All you need to know is the year—1998. It should have been the summer we finished university; the summer we went backpacking across Europe; the summer I lost my virginity to Brian Rusconi and not to Cate’s father. Instead it was the summer she went away and the summer I left home—a summer not big enough for everything that happened.
Now she wants to see me again. Sometimes you know when a story begins…
When the day comes that I am asked to recalibrate the calendar, I am going to lop a week off Januaryand February and add them to October, which deserves to be forty days long, maybe more.
I love this time of year. The tourists have long gone and the kids are back at school. The TV schedules aren’t full of reruns and I can sleep under a duvet again. Mostly I love the sparkle in the air, without the pollen from the plane trees so I can open my lungs and run freely.
I run every morning—three circuits of Victoria Park in Bethnal Green, each one of them more than a mile. Right now I’m just passing Durward Street in Whitechapel. Jack the Ripper territory. I once took a Ripper walking tour, a pub crawl with ghost stories. The victim I remember best was his last one, Mary Kelly, who died on the same date as my birthday, November the ninth.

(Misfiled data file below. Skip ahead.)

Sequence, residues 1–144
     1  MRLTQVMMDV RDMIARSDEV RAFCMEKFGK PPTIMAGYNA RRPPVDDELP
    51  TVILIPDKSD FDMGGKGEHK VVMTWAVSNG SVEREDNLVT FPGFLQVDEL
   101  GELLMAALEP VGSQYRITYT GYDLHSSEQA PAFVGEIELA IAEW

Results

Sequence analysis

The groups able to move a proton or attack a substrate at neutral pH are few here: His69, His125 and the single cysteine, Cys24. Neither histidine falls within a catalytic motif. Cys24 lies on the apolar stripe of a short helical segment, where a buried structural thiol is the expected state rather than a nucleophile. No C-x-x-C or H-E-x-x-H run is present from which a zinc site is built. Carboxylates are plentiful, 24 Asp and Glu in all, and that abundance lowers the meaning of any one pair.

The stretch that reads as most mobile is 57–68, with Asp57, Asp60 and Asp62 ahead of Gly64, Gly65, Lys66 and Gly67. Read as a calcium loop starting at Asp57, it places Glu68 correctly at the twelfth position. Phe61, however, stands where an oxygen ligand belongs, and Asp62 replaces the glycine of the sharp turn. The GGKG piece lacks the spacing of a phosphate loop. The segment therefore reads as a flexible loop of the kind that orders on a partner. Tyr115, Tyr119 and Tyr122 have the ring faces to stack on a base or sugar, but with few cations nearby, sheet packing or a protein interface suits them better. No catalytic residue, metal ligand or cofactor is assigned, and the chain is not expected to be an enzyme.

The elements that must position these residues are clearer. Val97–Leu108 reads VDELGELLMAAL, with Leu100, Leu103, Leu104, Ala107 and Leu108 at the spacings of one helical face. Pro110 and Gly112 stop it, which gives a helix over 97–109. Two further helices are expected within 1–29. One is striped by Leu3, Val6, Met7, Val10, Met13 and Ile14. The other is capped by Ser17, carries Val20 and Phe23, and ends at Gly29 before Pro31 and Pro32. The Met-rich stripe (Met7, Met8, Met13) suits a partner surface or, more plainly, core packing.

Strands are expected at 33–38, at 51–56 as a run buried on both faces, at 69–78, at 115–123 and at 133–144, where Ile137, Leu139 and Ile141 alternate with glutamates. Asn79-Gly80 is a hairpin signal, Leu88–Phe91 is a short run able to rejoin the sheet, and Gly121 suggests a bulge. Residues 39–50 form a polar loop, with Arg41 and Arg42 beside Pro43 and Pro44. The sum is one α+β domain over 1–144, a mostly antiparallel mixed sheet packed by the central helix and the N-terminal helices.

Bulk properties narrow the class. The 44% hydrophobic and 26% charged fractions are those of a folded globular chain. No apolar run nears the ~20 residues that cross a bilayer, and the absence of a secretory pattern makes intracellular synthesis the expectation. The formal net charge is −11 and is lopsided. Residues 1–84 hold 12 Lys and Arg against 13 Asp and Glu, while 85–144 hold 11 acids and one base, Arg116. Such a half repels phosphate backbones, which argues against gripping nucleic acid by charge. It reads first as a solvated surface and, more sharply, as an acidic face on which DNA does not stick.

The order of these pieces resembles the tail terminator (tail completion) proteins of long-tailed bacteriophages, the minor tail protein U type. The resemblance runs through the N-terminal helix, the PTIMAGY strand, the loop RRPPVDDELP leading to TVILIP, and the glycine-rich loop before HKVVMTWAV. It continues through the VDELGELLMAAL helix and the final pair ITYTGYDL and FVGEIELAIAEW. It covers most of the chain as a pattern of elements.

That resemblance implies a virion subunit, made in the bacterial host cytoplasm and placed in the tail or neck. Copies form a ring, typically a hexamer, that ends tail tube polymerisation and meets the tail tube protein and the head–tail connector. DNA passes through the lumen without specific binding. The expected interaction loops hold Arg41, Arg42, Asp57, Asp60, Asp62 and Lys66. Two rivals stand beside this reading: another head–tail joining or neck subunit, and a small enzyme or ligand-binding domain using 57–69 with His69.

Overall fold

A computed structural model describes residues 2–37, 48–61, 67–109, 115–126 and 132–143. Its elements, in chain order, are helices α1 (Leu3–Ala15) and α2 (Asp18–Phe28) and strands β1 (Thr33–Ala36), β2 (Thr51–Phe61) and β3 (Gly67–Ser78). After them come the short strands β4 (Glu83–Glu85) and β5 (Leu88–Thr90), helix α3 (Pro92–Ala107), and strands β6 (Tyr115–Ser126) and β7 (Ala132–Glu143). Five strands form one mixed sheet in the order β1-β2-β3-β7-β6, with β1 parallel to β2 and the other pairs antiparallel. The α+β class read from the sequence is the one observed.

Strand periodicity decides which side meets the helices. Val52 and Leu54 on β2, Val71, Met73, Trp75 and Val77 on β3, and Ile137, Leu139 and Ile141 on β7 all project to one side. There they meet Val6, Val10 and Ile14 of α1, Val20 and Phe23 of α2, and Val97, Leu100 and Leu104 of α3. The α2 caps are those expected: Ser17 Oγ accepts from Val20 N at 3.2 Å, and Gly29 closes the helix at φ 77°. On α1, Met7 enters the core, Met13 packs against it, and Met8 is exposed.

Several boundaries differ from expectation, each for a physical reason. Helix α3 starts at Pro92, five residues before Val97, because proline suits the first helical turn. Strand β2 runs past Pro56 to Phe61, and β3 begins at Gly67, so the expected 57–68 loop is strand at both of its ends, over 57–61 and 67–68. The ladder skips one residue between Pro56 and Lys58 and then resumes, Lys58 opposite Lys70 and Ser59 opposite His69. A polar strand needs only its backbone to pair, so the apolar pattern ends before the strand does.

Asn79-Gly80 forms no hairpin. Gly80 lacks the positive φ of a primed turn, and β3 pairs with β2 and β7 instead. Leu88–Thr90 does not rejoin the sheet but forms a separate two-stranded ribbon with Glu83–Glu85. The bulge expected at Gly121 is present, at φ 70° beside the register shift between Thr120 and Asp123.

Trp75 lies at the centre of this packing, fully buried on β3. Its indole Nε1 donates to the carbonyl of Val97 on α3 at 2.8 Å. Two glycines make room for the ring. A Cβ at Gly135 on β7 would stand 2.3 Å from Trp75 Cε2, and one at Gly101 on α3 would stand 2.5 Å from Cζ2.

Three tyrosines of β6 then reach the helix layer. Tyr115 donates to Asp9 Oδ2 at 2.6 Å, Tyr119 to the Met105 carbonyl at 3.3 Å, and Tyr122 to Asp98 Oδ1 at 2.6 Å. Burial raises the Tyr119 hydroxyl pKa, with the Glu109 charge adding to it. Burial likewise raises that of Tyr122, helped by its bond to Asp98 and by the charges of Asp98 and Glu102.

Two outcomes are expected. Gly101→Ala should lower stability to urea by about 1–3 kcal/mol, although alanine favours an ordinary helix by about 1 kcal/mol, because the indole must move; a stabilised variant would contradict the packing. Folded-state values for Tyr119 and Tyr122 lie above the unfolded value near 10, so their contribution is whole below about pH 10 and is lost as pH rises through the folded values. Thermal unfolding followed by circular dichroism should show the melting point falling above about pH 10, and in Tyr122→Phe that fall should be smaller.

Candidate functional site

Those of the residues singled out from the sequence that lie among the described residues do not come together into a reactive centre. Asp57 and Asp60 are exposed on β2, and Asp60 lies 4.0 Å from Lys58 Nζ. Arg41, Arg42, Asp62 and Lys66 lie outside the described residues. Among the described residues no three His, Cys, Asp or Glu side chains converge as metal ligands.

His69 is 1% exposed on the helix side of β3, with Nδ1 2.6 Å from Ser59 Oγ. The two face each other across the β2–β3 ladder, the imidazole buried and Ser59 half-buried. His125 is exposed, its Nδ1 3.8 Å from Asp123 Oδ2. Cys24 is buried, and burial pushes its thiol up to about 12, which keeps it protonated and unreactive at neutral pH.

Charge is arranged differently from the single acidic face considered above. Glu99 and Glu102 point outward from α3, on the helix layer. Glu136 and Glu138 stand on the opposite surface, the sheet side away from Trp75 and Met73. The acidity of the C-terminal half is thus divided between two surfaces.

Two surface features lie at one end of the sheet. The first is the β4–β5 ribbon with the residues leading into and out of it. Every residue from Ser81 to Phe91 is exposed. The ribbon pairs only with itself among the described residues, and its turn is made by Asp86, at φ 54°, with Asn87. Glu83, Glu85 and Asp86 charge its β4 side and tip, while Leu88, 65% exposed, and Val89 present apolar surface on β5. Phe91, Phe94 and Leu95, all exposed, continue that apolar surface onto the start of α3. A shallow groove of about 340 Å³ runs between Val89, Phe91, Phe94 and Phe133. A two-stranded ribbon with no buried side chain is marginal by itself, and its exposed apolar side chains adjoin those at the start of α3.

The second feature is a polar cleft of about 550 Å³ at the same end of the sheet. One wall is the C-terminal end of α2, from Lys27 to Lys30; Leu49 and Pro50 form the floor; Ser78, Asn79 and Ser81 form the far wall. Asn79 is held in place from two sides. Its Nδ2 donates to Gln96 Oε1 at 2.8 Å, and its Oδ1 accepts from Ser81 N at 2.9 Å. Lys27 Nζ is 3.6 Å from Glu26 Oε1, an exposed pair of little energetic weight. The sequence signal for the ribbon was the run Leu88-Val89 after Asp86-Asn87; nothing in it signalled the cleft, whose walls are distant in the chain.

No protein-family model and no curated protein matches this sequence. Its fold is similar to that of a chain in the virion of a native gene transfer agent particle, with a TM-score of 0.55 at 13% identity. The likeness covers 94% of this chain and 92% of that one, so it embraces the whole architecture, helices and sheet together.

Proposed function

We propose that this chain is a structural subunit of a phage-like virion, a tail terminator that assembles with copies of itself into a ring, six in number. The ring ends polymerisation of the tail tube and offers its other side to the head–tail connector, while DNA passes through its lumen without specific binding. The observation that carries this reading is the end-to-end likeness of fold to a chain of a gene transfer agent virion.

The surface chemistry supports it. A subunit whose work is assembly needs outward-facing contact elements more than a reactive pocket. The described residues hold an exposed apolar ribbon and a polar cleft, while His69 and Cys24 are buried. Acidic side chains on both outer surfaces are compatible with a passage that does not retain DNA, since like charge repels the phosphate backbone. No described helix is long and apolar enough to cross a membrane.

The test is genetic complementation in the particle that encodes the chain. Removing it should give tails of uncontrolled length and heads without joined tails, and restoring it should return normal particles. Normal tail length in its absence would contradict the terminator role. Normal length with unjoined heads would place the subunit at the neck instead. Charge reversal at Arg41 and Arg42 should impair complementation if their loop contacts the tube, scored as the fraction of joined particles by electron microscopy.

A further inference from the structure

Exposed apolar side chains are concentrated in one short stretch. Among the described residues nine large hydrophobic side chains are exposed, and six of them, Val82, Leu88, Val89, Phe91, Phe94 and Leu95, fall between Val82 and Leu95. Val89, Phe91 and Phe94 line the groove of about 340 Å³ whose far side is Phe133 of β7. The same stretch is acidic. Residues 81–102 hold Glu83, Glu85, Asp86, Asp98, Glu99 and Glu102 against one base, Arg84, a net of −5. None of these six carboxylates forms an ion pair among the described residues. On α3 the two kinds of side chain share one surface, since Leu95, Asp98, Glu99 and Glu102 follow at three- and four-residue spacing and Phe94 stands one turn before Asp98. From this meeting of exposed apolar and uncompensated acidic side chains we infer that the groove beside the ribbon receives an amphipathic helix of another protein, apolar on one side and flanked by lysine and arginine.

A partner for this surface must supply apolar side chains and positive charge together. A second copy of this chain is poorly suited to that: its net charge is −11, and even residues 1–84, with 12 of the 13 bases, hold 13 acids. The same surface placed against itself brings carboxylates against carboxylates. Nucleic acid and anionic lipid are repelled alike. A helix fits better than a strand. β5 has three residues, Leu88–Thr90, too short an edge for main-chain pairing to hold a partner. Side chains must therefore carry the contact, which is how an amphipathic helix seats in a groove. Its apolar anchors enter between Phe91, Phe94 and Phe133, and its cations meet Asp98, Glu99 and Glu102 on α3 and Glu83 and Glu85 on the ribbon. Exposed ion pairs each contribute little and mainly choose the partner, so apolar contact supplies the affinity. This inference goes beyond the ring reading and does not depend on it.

People forget how small an area Jack roamed. Spitalfields, Shoreditch and Whitechapel cover less than a square mile, yet in 1888 more than a million people were crammed into slums, without decent water and sewerage. It is still overcrowded and poor but that's only compared to places like Hampstead or Chiswick or Holland Park. Poverty is a relative state in a rich country where the wealthiest are the first to cry poor.
It is seven years since I last ran competitively, on a September night in Birmingham, under lights. I wanted to get to the Sydney Olympics but only two of us were going to make it. Four–hundredths of a second separated first from fifth; half a meter, a heartbeat, a broken heart.
I don’t run to win anymore. I run because I can and because I'm fast. Fast enough to blur at the edges. That’s why I’m here now, flirting with the ground while perspiration leaks between my breasts, plastering my T–shirt to my stomach.